The data for recent months suggest that the rising demand for labor associated with the recovery from the pandemic may have put upward pressure on wages. However, because average hourly earnings vary widely across industries, the large employment fluctuations since February 2020 complicate the analysis of recent trends in average hourly earnings. (See tables B-3 and B-8.) In August, the average workweek for all employees on private nonfarm payrolls was 34.7 hours for the third consecutive month. In manufacturing, the average workweek fell by 0.2 hour over the month to 40.3 hours, and overtime remained at 3.2 hours.
The average workweek for production and nonsupervisory employees on private nonfarm payrolls was unchanged at 34.2 hours. (See tables B-2 and B-7.) The change in total nonfarm payroll employment for June was revised up by 24,000, from +938,000 to +962,000, and the change for July was revised up by 110,000, from +943,000 to +1,053,000. With these revisions, employment in June and July combined is 134,000 higher than previously reported. (Monthly revisions result from additional reports received from businesses and government agencies since the last published estimates and from the recalculation of seasonal factors.)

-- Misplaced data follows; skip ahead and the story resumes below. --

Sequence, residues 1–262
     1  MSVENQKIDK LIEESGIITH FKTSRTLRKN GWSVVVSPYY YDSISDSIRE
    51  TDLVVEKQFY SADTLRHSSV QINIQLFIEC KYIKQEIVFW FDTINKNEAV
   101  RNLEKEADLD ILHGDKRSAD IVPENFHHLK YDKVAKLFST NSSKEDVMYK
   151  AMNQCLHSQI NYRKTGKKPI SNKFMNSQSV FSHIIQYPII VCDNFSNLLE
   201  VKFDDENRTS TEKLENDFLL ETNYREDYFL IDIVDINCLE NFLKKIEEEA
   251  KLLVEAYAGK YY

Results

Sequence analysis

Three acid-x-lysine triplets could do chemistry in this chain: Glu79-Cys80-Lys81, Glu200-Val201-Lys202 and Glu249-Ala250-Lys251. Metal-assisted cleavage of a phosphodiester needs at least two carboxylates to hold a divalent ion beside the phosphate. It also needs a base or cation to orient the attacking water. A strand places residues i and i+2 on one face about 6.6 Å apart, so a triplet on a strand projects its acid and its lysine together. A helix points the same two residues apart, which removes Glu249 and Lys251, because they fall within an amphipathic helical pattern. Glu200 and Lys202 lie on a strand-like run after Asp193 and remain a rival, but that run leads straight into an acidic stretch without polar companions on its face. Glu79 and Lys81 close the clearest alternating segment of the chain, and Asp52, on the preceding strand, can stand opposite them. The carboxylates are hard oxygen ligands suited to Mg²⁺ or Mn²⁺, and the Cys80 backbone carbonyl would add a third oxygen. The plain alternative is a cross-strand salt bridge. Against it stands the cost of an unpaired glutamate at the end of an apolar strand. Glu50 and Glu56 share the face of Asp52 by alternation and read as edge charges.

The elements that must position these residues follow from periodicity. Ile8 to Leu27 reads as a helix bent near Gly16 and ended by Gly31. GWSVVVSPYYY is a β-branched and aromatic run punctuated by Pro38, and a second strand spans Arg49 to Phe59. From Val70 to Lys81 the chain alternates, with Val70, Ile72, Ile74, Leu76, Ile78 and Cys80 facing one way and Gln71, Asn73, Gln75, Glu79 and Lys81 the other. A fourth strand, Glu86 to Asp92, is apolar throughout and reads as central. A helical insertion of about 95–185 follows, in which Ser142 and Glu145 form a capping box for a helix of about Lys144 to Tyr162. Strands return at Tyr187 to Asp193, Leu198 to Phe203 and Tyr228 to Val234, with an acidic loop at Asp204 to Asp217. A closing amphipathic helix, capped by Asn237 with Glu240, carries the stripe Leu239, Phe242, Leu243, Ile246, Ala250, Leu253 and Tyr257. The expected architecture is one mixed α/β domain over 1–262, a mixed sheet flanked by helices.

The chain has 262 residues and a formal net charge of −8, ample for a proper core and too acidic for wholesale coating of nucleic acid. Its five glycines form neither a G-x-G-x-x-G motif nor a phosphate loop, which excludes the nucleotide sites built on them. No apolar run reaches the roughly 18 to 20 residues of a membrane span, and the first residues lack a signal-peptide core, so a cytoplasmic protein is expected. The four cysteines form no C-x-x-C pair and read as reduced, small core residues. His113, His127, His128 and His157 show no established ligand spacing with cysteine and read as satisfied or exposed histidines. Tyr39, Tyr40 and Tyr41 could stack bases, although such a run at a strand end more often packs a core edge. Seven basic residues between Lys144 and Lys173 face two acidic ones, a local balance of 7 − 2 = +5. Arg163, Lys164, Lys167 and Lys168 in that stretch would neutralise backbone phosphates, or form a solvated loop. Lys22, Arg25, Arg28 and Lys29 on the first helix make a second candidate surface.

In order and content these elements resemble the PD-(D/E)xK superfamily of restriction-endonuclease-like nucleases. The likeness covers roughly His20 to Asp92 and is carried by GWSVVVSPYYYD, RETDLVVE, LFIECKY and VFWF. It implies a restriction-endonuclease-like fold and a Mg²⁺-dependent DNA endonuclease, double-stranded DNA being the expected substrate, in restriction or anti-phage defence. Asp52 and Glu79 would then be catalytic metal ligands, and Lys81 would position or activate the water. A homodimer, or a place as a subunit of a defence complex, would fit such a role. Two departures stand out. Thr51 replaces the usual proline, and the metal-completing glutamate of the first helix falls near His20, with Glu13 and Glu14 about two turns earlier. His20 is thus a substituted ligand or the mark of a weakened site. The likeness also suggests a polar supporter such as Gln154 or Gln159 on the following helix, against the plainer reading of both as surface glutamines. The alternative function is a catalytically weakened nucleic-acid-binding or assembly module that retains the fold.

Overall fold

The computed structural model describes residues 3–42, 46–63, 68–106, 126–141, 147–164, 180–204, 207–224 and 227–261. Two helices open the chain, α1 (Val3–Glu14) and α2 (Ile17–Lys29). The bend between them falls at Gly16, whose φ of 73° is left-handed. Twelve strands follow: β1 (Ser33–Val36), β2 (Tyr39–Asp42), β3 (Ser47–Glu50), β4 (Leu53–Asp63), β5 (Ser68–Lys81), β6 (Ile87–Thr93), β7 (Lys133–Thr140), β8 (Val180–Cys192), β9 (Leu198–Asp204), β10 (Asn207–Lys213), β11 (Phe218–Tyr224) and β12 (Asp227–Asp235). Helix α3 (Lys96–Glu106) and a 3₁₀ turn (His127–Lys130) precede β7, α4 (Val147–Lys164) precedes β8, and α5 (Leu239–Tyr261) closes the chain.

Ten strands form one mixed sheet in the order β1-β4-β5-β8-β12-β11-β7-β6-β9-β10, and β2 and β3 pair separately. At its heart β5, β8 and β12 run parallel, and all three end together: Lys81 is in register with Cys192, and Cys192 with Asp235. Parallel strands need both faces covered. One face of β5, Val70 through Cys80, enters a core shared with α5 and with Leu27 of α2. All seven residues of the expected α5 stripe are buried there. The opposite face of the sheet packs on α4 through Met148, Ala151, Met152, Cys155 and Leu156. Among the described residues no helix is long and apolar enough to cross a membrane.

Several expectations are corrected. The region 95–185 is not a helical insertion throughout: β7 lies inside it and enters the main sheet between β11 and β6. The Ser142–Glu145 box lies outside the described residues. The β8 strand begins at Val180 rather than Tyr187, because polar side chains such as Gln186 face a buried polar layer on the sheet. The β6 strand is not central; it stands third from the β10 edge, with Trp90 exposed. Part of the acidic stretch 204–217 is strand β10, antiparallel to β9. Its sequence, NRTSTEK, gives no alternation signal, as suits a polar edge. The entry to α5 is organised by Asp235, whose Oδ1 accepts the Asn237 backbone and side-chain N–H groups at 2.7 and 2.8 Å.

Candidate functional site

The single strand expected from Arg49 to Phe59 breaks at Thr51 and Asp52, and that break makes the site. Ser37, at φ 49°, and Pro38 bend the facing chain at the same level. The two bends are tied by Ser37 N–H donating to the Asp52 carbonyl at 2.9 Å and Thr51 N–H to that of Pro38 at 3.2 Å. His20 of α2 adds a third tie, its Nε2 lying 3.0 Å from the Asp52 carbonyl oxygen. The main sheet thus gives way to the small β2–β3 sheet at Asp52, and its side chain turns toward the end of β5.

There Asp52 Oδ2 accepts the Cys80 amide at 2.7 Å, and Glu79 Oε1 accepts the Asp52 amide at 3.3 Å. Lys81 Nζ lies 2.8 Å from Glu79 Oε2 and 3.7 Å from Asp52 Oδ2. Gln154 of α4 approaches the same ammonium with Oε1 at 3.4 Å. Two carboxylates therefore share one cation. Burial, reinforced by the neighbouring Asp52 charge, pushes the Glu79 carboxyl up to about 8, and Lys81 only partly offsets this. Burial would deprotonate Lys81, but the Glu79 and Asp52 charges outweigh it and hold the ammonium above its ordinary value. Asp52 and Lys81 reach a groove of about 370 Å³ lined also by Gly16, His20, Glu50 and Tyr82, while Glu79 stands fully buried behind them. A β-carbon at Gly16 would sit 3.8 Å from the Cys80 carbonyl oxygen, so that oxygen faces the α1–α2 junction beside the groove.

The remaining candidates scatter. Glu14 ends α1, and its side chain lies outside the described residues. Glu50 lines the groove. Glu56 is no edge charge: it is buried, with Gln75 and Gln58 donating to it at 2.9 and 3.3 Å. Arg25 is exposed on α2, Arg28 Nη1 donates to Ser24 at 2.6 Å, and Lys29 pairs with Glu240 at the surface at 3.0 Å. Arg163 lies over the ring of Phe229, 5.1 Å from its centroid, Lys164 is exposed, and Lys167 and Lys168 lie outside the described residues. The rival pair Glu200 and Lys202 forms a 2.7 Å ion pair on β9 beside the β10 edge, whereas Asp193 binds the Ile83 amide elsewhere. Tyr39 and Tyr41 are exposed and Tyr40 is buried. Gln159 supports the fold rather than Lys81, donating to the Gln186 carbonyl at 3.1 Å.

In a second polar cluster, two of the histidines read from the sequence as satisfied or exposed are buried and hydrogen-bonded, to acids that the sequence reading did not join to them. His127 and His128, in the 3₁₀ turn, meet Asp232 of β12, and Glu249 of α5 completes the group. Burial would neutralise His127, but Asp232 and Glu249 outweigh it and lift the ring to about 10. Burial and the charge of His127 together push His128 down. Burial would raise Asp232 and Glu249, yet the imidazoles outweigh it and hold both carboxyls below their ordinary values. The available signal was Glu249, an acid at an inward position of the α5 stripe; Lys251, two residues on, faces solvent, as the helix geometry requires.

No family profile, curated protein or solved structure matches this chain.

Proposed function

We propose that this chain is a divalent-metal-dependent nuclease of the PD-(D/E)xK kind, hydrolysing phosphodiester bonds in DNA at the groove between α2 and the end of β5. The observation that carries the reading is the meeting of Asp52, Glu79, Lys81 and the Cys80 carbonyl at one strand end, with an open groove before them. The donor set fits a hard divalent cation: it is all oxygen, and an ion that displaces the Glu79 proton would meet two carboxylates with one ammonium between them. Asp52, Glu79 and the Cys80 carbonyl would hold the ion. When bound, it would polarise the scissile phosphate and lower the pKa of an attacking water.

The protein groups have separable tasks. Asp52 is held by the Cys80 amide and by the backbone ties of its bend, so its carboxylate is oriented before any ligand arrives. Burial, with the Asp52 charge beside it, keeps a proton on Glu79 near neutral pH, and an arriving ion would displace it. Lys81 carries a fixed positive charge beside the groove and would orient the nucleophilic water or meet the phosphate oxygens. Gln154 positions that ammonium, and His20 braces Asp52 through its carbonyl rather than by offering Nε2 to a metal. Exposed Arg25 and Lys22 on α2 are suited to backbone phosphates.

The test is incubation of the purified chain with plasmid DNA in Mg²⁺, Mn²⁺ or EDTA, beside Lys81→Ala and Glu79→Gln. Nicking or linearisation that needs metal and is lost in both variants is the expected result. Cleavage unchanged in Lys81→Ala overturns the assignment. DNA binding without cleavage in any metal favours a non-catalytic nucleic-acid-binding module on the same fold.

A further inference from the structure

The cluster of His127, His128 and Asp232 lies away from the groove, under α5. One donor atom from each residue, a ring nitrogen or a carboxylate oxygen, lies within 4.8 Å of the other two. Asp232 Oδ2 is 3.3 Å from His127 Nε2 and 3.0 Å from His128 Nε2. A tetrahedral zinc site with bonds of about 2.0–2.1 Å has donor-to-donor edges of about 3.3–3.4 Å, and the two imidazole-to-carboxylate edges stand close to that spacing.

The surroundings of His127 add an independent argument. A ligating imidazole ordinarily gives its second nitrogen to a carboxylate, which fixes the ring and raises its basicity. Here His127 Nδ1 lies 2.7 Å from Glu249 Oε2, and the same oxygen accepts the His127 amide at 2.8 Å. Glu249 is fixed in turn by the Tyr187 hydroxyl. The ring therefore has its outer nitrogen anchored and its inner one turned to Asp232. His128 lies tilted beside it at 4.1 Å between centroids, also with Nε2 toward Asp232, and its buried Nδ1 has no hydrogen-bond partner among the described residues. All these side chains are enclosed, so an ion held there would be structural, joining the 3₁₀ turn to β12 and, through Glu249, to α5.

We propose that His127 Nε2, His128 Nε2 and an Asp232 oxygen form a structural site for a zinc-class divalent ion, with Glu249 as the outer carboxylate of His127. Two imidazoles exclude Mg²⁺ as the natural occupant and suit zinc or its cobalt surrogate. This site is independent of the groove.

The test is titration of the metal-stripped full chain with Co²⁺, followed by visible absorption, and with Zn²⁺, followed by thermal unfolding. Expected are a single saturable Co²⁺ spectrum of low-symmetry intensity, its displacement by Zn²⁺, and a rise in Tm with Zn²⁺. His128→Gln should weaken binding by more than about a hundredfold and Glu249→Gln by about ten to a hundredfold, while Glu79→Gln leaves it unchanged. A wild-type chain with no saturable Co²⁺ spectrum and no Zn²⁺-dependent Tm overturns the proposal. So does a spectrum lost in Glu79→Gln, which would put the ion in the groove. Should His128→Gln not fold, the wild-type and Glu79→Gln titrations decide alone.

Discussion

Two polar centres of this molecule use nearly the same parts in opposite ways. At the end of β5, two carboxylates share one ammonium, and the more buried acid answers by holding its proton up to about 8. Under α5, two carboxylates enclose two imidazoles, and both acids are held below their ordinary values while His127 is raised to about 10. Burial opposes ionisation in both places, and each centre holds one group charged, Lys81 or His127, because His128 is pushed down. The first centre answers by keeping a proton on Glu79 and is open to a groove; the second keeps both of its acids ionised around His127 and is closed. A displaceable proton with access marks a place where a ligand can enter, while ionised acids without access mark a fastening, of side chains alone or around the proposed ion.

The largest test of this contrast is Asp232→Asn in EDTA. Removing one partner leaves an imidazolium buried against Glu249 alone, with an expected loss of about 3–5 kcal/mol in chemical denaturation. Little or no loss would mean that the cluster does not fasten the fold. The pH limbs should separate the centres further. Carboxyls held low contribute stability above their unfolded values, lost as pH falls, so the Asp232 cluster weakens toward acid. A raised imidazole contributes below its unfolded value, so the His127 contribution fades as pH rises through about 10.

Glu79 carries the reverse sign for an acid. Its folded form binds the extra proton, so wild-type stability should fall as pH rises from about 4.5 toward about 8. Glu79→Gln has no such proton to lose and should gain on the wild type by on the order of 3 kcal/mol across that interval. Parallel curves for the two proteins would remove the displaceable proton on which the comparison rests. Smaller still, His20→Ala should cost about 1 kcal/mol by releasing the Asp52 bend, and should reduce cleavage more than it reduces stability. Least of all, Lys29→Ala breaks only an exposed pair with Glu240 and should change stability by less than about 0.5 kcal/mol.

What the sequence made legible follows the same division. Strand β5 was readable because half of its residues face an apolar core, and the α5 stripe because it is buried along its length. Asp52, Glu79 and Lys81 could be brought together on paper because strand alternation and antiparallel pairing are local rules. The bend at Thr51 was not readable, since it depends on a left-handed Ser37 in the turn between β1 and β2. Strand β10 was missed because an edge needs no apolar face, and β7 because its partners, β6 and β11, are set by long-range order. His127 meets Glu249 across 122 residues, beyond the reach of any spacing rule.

Read the entire report here.
Source: US Department of Labor BLS